The whole SOX fiasco hogtied our industry and gagged the leaders, but there are still some great voices out here. Take Dr. T from National Instruments: Passion personified. And then startup CEOs like Brett Fox of Touchstone (nice interview, by the way, Brian)who are making good headway and making no bones about it. But, alas, your point is still valid, echoes in the silicon corridor, "Is there anybody out there?"
Successful businessmen do not always make for good theater or good EE Times interviews.
Sergey Brin and Larry Page may not come off as mad scientists or swashbuckling pirates, but they've done their fair share of meaningful work.
Flashiness is over-rated.
Furthermore, this is a time where even inhabitants of third-world villages know what comes out of Silicon Valley. Its success stories are treated like rock stars.
I wouldn't worry about the allure of engineering being diminished in recent years.
I think you hit the nail on the head. The mavericks of yesteryear inspired people, and they occasionally spoke first and thought it through later, sometimes with negative results. I would argue that these kinds of people are still running Silicon Valley companies, but everyone has gotten way more careful. Statements are more carefully vetted in the era of Sarbanes-Oxley and heightened concern over day to day stock price fluctuation. Being careful has its merits, but we do lose something.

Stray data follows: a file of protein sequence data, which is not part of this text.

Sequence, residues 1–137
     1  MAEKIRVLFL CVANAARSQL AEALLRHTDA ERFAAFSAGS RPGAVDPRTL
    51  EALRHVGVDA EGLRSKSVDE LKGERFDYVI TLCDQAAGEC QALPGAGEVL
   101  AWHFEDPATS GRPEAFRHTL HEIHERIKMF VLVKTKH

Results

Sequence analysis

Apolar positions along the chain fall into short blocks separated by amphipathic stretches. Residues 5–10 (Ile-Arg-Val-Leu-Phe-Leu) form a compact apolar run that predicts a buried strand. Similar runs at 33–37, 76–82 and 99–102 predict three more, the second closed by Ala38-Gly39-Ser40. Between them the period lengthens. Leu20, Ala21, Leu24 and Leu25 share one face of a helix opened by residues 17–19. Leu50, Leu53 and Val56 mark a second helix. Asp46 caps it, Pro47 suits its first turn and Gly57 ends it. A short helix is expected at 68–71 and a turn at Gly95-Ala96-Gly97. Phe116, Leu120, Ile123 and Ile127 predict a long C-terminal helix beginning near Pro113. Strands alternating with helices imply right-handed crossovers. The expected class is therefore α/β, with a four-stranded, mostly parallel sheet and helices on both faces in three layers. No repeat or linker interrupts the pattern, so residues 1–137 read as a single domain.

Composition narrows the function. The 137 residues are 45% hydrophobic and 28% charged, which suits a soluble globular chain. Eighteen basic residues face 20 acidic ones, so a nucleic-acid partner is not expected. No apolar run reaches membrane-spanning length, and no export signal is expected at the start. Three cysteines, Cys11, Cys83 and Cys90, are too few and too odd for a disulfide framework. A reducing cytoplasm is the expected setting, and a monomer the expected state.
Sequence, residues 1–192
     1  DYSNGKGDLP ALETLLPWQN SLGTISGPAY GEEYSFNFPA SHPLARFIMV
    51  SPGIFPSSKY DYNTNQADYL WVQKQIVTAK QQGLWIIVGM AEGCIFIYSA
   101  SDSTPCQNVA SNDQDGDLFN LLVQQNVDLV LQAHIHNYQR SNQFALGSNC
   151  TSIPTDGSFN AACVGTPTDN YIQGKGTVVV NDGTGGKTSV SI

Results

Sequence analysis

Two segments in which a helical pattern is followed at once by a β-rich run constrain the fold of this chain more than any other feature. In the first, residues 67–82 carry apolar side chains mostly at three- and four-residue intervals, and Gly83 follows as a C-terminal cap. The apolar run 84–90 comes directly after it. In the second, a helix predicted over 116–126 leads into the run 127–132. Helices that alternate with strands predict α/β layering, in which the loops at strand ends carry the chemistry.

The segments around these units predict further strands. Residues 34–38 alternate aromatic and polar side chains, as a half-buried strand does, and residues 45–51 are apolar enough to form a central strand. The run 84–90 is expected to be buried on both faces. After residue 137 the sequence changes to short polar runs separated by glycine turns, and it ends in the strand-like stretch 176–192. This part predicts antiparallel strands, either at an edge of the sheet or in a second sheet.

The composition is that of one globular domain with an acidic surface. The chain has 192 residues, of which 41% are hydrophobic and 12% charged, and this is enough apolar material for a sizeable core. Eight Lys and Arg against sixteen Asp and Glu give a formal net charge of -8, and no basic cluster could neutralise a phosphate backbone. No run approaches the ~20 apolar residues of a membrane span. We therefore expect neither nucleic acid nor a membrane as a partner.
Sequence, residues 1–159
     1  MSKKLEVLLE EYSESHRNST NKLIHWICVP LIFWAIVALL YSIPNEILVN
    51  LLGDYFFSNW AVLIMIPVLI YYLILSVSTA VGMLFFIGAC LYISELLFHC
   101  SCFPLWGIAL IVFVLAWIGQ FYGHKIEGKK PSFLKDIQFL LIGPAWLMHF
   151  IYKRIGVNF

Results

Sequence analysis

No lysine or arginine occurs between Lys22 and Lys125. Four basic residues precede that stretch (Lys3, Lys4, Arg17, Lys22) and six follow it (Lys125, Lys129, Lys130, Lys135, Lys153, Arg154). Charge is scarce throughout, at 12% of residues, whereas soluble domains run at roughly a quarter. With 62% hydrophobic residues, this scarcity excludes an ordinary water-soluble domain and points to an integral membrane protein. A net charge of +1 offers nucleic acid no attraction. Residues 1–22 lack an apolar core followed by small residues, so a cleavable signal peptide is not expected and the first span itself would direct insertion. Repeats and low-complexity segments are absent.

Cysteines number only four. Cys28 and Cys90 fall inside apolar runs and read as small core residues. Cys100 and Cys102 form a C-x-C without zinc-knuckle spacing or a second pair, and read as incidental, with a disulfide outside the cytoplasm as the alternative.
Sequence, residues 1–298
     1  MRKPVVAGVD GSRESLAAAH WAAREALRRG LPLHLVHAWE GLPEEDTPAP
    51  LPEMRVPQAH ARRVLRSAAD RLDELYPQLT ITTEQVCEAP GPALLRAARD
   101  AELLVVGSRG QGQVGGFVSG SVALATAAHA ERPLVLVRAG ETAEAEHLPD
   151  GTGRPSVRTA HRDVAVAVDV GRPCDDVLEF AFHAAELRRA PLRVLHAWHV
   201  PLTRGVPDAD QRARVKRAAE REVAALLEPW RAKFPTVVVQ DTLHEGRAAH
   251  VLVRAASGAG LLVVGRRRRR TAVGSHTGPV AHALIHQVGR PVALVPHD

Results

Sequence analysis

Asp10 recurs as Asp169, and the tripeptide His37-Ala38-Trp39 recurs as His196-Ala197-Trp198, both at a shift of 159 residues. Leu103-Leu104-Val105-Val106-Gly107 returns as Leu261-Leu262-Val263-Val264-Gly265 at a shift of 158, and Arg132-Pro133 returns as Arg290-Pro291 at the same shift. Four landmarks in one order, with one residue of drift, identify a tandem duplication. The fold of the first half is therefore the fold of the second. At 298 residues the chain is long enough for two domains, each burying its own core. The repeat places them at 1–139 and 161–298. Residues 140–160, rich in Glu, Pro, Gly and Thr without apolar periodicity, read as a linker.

Drones are, in essence, flying autonomous vehicles. Pros and cons surrounding drones today might well foreshadow the debate over the development of self-driving cars. In the context of a strongly regulated aviation industry, "self-flying" drones pose a fresh challenge. How safe is it to fly drones in different environments? Should drones be required for visual line of sight – as are piloted airplanes? Join EE Times' Junko Yoshida as she moderates a panel of drone experts.